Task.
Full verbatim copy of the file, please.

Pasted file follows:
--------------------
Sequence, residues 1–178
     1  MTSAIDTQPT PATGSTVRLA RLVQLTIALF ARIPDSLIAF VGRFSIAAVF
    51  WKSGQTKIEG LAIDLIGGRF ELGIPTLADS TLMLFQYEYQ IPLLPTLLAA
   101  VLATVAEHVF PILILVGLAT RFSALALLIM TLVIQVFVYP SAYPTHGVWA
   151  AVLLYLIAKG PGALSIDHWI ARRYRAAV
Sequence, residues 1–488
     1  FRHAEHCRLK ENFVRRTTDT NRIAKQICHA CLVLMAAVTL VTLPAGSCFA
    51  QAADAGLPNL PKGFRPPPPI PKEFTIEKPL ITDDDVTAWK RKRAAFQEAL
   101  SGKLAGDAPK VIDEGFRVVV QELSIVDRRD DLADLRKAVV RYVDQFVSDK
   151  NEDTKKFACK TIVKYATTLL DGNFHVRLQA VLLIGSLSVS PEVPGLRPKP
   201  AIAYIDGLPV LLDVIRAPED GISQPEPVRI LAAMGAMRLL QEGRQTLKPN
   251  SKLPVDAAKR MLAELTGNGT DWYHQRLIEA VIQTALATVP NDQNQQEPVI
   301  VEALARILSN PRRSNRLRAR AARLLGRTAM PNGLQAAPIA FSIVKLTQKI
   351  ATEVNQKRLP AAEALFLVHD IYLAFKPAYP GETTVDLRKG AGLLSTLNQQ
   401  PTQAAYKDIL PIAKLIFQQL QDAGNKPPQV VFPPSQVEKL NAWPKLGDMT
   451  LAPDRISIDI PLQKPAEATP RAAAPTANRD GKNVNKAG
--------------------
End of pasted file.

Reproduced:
Sequence, residues 1–178
     1  MTSAIDTQPT PATGSTVRLA RLVQLTIALF ARIPDSLIAF VGRFSIAAVF
    51  WKSGQTKIEG LAIDLIGGRF ELGIPTLADS TLMLFQYEYQ IPLLPTLLAA
   101  VLATVAEHVF PILILVGLAT RFSALALLIM TLVIQVFVYP SAYPTHGVWA
   151  AVLLYLIAKG PGALSIDHWI ARRYRAAV
Sequence, residues 1–488
     1  FRHAEHCRLK ENFVRRTTDT NRIAKQICHA CLVLMAAVTL VTLPAGSCFA
    51  QAADAGLPNL PKGFRPPPPI PKEFTIEKPL ITDDDVTAWK RKRAAFQEAL
   101  SGKLAGDAPK VIDEGFRVVV QELSIVDRRD DLADLRKAVV RYVDQFVSDK
   151  NEDTKKFACK TIVKYATTLL DGNFHVRLQA VLLIGSLSVS PEVPGLRPKP
   201  AIAYIDGLPV LLDVIRAPED GISQPEPVRI LAAMGAMRLL QEGRQTLKPN
   251  SKLPVDAAKR MLAELTGNGT DWYHQRLIEA VIQTALATVP NDQNQQEPVI
   301  VEALARILSN PRRSNRLRAR AARLLGRTAM PNGLQAAPIA FSIVKLTQKI
   351  ATEVNQKRLP AAEALFLVHD IYLAFKPAYP GETTVDLRKG AGLLSTLNQQ
   401  PTQAAYKDIL PIAKLIFQQL QDAGNKPPQV VFPPSQVEKL NAWPKLGDMT
   451  LAPDRISIDI PLQKPAEATP RAAAPTANRD GKNVNKAG